Author: Rosemary Bennett
The Times, London, copied from "World and Press",
March 2, 2017, 11.
Some companies in Britain ask female employees to wear short skirts, high heels and to "look sexy".
Women have been told to wear short skirts and plunging necklines and even dye their hair blonde, according to a report by MPs into "dress codes" imposed on them at work. A special parliamentary investigation heard from women who were also ordered to reapply make-up throughout the day and told off for wearing loose clothing in hot weather.
The "troubling" experiences of female staff were uncovered by the inquiry into the case of Nicola Thorp, a London receptionist sent home from her temporary job last May because she was not wearing high heels. MP's said they wanted to find out how widespread such practices were.
They called for companies to face fines for such discrimination and for employment tribunals to make awards against employers who flout the law. The petitions committee, which considers parliament's response to large public petitions, and the women and equalities committee said it became clear in the course of the inquiry that Ms. Thorp's was not an isolated case.
"We heard from hundreds of women who told us about the pain and long-term damage caused by wearing high heels for long periods in the workplace, as well as from women who had been required to dye theit hair blonde, to wear revealing outfits and to constantly reapply make-up," the report said.
"The government has said the exciting law is clear, and that the dress code that prompted this petition is already unlawful. Nevertheless, the discriminatory dress codes remain widespread"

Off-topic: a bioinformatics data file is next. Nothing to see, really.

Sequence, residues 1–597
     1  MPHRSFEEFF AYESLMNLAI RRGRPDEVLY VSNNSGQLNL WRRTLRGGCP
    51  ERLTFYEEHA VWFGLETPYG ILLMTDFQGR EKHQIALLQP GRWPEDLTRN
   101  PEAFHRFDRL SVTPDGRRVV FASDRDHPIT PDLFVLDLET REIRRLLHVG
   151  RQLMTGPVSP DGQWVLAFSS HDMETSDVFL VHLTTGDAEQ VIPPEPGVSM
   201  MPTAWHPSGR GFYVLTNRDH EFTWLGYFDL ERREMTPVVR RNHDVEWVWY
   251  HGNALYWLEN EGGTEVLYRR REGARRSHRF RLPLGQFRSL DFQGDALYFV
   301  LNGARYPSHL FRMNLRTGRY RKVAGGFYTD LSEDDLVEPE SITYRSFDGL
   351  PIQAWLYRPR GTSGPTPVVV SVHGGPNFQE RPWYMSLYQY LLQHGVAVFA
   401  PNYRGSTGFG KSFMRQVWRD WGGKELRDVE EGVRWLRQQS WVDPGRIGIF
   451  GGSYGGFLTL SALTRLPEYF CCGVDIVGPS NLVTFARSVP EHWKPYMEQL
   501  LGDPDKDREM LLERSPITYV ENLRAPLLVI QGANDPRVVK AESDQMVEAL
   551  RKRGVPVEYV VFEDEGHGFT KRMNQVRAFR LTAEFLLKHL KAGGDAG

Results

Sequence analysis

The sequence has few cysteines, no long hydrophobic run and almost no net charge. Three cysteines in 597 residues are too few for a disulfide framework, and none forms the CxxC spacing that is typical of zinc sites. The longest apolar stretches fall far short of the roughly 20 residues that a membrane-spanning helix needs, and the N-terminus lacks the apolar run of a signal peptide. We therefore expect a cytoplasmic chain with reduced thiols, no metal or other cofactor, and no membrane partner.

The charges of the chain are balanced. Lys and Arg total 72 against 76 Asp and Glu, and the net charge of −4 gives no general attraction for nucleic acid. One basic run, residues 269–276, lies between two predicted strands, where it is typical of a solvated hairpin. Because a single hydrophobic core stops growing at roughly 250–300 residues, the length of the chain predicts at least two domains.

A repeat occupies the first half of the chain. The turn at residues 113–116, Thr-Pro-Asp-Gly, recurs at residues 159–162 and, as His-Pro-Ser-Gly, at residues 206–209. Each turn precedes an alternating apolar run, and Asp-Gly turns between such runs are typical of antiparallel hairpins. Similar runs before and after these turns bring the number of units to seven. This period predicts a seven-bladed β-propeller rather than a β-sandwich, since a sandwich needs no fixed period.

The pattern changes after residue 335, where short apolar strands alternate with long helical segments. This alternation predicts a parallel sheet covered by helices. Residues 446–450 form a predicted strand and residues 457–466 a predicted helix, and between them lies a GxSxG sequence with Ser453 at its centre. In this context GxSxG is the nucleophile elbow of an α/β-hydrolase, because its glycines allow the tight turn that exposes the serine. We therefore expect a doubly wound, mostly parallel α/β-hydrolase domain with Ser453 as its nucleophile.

The MPs said it was clear the existing law was failing fully to protect employees from discrimination at work and urged ministers to review and strengthen it if necessary.
Women and campaign groups who gave evidence said "dress codes" operated by companies often required a sexualised appearance, sending out the message that looks were of more value than skills or experience.
"There have been statements from women expressing that being asked to look 'sexy' in the workplace leads to the uncomfortable realisation that the business they work for is profiting from their bodies," the Fawcett Society campaign group said in its evidence. It said women working in a casino were criticised for wearing loose clothing on a hot day, and were sent off regularly to touch up theit make-up.
"This also affects women at the top of public life as we have seen from headlines since Theresa May became prime minister. Having a society where it is normal to judge women in their professional life by their appearance and their shoes is not just rediculous but demeans women who reach the top of their careers, and limits women's participation in politics," it said.
Ms Thorp said it was clear that she was not alone. "This may have started over a pair of high heels but what it has revealed about discrimination in the UK workplace is vital," she said. "It is crucial that the law is amended so that gender neutral dress codes become the norm."
1. What is more important to you - to look sexy on business or to look neutral?
2. Are you agree to keep you perfect appearance at work or would you rather prefer to look casual?
3. Would you like to wear high heel shoes at work?
Be free to answer my three questions and